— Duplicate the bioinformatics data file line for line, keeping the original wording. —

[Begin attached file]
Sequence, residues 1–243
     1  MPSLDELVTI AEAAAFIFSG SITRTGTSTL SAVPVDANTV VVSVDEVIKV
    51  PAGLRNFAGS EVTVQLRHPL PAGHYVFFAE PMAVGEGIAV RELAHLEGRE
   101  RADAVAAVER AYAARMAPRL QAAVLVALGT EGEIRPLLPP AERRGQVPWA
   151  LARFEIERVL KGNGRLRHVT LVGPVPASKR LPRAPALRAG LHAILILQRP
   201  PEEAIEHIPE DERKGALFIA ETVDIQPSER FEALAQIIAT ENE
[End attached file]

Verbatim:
Sequence, residues 1–243
     1  MPSLDELVTI AEAAAFIFSG SITRTGTSTL SAVPVDANTV VVSVDEVIKV
    51  PAGLRNFAGS EVTVQLRHPL PAGHYVFFAE PMAVGEGIAV RELAHLEGRE
   101  RADAVAAVER AYAARMAPRL QAAVLVALGT EGEIRPLLPP AERRGQVPWA
   151  LARFEIERVL KGNGRLRHVT LVGPVPASKR LPRAPALRAG LHAILILQRP
   201  PEEAIEHIPE DERKGALFIA ETVDIQPSER FEALAQIIAT ENE